For ten long minutes, Matteo Jorgenson sat quietly on the edge of the car boot of the Movistar team car waiting to hear official confirmation he had won the Tour of Oman outright.
But when the news came through, shouted – given the lack of internet coverage – by one race reporter to another until word reached the team car some 100 metres above the Jabal Al Akhdar finish line, Jorgenson’s nerves instantly dissolved in a huge roar of delight.
It had been close – very close – as victory atop Jabal Al Alkhdhar for Mauri Vansevenant (Soudal-QuickStep) clearly powered the Belgian up the GC standings thanks to four bonus seconds. However, with Jorgenson coming in just behind the 23-year-old at the sunbaked finish line, the question was – had he taken the five seconds needed to win the red jersey?
After those agonising 10 minutes, with Jorgenson refusing to give interviews until the news had been confirmed for sure, it became clear: the Movistar leader had hung on overall, by a solitary second, with France’s Geoffrey Bouchard (AG2R Citroën) taking third.
It’s fair to say that Jorgenson’s two victories in Oman, where he is the first North American ever to clinch the overall title, represent a breakthrough, with a capital B, for the young US racer. In just three days he has gone from a fruitless, three-year quest for a first victory to taking not one, but two wins in one of the toughest early-season races out there.
“It was super-hard – I meant the day was relatively easy, it was just the heat that was the issue,” Jorgenson said after his win was confirmed. “I woke up feeling confident this morning, but I was a little nervous. I’m a big guy and this kind of climb tests my limits.”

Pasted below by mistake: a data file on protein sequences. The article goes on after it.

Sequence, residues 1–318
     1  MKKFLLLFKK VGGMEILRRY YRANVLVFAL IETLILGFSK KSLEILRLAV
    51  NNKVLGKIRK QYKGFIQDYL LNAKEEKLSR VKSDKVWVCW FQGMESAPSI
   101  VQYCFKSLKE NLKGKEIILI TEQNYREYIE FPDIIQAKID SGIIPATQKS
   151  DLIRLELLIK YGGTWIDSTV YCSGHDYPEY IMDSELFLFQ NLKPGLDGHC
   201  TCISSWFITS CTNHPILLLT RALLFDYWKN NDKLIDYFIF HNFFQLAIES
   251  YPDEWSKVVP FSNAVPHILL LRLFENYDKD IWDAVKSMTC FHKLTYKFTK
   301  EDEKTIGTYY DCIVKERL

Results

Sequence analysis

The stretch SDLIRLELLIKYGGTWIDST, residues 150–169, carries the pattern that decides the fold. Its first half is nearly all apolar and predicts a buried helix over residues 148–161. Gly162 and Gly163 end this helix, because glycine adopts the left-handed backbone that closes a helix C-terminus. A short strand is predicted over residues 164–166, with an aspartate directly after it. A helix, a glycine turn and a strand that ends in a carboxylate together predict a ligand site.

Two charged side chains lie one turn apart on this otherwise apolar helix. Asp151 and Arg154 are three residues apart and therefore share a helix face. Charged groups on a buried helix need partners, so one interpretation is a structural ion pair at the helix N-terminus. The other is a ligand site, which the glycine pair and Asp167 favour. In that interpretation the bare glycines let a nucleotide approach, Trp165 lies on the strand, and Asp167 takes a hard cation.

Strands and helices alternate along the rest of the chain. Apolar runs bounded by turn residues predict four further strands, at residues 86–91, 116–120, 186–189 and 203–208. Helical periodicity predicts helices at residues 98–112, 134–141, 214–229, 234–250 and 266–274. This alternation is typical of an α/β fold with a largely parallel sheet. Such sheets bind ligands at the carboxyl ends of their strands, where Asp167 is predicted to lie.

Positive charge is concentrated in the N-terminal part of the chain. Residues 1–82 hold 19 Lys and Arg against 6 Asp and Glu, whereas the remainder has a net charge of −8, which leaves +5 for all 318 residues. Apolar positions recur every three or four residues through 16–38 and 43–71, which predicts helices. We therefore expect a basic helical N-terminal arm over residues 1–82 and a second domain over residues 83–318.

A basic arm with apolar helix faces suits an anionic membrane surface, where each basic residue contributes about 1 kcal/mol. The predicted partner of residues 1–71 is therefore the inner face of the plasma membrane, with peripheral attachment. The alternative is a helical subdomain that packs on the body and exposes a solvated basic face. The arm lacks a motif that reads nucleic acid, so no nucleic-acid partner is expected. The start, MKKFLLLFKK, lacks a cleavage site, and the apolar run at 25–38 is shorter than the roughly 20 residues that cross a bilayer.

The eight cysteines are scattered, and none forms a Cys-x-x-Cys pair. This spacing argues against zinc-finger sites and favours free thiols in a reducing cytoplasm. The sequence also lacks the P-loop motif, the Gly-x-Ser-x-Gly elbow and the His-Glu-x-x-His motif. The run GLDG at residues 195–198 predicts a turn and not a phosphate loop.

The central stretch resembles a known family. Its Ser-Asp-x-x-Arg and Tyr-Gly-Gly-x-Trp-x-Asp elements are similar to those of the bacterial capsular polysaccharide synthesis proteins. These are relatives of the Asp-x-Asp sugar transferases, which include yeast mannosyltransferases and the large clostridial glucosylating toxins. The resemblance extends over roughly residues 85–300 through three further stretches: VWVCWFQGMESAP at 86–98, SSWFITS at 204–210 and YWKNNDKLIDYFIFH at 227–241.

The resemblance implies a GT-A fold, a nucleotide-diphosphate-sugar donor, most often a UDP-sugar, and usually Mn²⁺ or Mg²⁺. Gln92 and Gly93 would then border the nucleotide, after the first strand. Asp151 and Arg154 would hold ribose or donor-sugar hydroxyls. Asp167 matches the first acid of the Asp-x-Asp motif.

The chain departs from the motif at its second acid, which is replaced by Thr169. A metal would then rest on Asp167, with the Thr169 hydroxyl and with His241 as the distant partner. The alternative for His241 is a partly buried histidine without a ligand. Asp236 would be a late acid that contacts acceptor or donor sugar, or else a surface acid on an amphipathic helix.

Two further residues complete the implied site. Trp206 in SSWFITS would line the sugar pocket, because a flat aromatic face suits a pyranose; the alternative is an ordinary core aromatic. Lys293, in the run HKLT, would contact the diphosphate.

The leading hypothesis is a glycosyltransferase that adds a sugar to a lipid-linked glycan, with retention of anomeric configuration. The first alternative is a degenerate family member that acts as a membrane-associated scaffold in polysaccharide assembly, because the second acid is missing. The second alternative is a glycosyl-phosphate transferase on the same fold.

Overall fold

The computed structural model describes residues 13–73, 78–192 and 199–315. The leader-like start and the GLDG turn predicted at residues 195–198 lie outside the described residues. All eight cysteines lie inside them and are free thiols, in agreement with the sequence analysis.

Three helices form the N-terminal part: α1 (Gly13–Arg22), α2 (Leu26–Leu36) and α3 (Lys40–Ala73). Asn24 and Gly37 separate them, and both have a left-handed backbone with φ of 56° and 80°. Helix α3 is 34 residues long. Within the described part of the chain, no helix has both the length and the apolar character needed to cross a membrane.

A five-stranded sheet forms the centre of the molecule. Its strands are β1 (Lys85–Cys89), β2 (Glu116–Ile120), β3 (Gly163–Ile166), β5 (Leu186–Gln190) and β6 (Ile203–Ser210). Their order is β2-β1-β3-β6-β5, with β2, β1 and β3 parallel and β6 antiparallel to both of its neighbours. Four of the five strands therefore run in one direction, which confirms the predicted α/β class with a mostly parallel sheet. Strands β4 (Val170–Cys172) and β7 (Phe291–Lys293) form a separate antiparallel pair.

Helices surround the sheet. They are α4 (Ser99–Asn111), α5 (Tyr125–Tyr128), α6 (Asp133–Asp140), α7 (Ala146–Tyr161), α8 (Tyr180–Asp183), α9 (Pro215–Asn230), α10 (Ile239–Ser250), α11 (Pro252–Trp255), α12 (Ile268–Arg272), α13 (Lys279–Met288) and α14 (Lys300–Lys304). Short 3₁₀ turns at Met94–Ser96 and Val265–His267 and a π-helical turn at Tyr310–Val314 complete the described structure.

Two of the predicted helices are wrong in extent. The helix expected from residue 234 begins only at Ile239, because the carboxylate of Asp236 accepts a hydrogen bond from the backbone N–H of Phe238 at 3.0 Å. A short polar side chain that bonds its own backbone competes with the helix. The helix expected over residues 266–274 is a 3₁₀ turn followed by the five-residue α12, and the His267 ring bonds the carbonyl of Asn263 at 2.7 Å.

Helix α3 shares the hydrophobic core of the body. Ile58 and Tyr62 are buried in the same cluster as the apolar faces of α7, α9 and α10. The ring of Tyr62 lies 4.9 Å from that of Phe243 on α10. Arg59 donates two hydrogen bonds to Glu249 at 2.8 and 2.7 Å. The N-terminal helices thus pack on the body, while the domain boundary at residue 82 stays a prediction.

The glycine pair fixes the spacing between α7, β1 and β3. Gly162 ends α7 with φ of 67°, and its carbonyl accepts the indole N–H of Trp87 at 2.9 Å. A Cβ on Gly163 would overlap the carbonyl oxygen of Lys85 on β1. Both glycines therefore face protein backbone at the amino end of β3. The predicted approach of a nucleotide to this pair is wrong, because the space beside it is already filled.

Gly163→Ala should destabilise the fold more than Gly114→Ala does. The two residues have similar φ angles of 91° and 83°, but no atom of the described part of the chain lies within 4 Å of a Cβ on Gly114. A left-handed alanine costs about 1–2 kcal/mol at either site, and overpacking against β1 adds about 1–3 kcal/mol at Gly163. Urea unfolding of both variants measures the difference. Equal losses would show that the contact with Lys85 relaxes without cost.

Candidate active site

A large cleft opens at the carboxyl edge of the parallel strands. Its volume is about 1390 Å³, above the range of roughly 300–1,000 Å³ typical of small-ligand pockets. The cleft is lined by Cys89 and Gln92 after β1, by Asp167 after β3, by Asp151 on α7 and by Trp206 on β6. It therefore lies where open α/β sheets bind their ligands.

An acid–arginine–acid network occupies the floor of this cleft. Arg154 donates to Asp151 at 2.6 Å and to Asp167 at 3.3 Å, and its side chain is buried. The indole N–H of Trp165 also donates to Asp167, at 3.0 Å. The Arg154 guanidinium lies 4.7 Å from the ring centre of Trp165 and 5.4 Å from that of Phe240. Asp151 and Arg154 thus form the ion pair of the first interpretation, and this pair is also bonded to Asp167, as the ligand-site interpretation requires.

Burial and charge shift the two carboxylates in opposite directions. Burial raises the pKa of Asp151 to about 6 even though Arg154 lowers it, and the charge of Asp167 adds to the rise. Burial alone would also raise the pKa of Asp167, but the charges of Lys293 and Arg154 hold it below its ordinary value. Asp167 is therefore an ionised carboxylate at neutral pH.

Vansevenant had pushed him seriously hard, he recognised, and the Belgian took the fight all the way to the line.
“I was worried, that was close. Mauri surprised me a lot. I’ve raced with him a bunch, I don’t know him so well, but he’s in good form – we both were here in surprisingly good form,” he said.
“He went once, I saw he was strong, and I knew that from the sprint the other day [on stage 3] when I got him, he was coming back in the last couple of metres. It was a super good win and congratulations to him!”
The bigger prize, though, was one for Jorgenson, also 23, whose initial goal of winning one race in 2023 was amply superseded by his overall win in Oman.
“For sure, this GC victory was the icing on the cake,” Jorgenson said. “Once I won the other day, I knew I was one of the…
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